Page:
exist between the rpc subsystem and normal file/print 
    serving operations.

The Proposal

  o Introduction of new smb.conf parameter to specify the
    shared library to be used for accessing account information.

	passdb module path = <filemname>

  o removeal of smb_passwd {} struct all together and 
    replacement of universal use of sam_passwd {} via an 
    opaque handle.

  o removal of passdb_ops {} structure.  This struct is for
    defining a set of functions pointers which currently 
    implement the passdb API.  This was previously needed
    as passdb backend support was chosen at compile time.
    This will be replaced by a well defined and documented
    interface shared between the passdb API and the loadable
    backend modules.  More on this in a minute.

  o Implement support for the following backends

      - smbpasswd 	(file)
      - TDBPWB 		(local DB)
      - LDAP 		(using AD schema)

    This means the experiemental NIS+ support  
    will be removed.  I think the general stand on NIS+
    is that it is dying (at least that is my opinion).


  o experiement with shared libraries for future use relating 
    to MS-RPC pipe support

  o a single interface allows a single tool to access/update
    all passdb backends without recompiling.  The same tool
    can put from smbpasswd and push to LDAP.

  o fewer compile time descisions (except on platforms 
    that do not support shared libraries of course).

  o More flexibility. For example, you can use 
    include parameters to validate clear text logons 
    against /etc/passwd and encrypted logons against LDAP
    from the same server.

Proposed Interface

Functions for manipulating sam_passwd struct (common to all

   pdb_get...(SAM_ACCOUNT_HND *hnd)
   pdb_set...(SAM_ACCOUNT_HND *hnd)

Backend storage access functions which must be implemented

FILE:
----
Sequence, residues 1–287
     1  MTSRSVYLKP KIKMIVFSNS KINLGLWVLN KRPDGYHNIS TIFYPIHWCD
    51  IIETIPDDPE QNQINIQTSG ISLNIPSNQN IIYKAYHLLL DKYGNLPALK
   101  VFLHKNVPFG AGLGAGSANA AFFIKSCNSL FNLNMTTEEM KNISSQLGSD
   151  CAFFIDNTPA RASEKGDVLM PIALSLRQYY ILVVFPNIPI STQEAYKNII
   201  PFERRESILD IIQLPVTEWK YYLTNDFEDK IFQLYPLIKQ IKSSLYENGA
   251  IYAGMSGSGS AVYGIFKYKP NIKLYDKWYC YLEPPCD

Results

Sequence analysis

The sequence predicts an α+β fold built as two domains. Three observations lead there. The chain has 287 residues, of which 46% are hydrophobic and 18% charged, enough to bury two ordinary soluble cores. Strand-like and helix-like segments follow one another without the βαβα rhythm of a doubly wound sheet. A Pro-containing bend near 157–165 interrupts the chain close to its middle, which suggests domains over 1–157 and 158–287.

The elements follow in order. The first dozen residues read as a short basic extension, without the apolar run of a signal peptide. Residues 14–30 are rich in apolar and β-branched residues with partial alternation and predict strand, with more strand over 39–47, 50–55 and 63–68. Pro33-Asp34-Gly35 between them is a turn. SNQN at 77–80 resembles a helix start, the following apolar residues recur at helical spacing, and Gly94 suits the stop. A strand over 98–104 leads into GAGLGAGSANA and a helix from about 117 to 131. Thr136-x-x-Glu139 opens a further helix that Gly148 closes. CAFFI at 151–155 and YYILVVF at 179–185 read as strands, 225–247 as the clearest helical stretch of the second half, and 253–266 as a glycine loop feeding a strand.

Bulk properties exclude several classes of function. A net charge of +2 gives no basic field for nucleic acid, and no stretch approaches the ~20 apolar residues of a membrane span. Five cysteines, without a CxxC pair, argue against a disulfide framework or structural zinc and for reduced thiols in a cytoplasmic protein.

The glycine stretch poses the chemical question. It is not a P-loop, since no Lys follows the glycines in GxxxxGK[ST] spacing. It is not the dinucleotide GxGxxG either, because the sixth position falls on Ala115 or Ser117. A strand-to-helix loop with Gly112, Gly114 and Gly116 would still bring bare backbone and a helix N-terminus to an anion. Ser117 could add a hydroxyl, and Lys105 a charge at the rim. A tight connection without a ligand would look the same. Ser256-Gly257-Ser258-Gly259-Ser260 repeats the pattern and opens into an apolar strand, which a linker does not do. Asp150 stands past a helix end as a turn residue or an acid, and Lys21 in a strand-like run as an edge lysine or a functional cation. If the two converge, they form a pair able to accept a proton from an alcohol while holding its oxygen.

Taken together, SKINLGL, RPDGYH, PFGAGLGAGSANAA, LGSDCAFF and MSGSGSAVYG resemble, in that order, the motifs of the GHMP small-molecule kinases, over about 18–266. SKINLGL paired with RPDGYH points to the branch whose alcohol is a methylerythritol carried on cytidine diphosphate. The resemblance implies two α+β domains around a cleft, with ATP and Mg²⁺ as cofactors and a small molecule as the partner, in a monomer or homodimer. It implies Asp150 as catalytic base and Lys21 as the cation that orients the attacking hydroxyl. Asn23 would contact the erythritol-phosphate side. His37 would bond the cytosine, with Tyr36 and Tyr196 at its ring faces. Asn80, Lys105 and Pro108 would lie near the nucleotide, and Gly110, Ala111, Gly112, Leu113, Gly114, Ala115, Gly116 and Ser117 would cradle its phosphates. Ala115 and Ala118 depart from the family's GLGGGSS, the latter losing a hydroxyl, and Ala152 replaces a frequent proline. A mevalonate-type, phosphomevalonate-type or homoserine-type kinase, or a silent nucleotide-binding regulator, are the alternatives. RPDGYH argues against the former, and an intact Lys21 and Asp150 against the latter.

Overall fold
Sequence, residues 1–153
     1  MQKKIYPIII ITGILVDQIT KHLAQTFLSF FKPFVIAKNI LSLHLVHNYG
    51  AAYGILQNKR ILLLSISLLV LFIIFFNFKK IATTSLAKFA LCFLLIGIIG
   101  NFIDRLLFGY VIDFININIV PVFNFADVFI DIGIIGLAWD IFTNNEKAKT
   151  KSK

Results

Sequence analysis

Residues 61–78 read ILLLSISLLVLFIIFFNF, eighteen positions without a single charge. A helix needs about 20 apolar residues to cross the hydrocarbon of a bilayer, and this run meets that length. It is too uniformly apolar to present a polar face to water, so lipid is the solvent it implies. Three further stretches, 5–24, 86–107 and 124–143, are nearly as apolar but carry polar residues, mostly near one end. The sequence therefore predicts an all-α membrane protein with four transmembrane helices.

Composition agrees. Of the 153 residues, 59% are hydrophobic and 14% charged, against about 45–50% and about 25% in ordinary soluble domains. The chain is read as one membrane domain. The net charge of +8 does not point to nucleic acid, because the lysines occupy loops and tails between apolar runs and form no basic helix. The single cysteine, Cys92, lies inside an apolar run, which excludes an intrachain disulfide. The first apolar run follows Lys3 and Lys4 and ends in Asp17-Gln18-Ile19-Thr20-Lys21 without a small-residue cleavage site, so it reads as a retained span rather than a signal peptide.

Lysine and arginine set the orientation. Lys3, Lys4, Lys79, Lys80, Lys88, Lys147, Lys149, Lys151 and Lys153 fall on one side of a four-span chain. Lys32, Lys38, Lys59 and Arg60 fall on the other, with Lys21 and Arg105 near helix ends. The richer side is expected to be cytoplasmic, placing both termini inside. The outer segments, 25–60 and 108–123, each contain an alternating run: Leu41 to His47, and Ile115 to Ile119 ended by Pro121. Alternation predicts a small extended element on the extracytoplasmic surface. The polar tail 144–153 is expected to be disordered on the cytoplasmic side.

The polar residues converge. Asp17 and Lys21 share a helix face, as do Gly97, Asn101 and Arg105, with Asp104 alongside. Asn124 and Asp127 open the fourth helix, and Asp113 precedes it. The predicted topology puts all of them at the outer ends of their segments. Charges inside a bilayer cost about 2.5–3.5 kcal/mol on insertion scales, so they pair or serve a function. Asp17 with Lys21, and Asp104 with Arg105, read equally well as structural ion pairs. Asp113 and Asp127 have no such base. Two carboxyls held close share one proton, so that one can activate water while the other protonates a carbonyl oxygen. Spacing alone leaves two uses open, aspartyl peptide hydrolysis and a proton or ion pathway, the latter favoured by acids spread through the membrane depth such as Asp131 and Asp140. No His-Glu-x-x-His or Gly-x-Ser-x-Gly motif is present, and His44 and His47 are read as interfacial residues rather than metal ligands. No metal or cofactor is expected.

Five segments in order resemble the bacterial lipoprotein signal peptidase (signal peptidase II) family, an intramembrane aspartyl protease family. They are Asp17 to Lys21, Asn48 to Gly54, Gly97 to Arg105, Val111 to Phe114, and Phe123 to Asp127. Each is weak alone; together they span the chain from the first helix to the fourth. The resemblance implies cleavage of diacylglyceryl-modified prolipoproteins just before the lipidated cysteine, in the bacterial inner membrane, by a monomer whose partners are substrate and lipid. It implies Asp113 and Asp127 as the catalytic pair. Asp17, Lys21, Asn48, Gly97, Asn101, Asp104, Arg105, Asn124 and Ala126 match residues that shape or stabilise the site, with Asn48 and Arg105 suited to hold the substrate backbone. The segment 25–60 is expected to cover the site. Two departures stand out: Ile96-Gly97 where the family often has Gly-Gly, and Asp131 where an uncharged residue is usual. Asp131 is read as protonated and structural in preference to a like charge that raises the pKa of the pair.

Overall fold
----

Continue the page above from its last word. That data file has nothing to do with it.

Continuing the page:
by each passdb module

   /* search functions */
   SAM_ACCOUNT_HND* pdb_getsampwnam (char* username);
   SAM_ACCOUNT_HND* pdb_getsampwuid (uid_t uid);
   SAM_ACCOUNT_HND* pdb_getsampwrid (uint32 rid);
   SAM_ACCOUNT_HND* pdb_getsampwent ();

   /* create a new (and empty) sam_passwd struct */
   SAM_ACCOUNT_HND* pdb_new_sam_account ();

   /* write change to persistent storage */
   /* add a new acount*/
   BOOL pdb_add_sam_account (SAM_ACCOUNT_HND *hnd);
   /* update an account entry */
   BOOL pdb_update_sam_account (SAM_ACCOUNT_HND *hnd);
   /* delete an account entry */
   BOOL pdb_delete_sam_account (SAM_ACCOUNT_HND *hnd);


Note that certain functions have been left out of 
the interface (e.g. getsamdispnam()) as these are often 
convienence functions and can easily be added to the basic
passdb.c general interface.

I have started working on this already.  It is the 
first step to implementing group mapping and LDAP support
(officially).  Comments welcome.

Cheers, jerry
   /\  Gerald (Jerry) Carter                     Professional Services
 \/  VA Linux Systems   gcarter at       SAMBA Team          jerry at                     jerry at

       "...a hundred billion castaways looking for a home."
                                - Sting "Message in a Bottle" ( 1979 )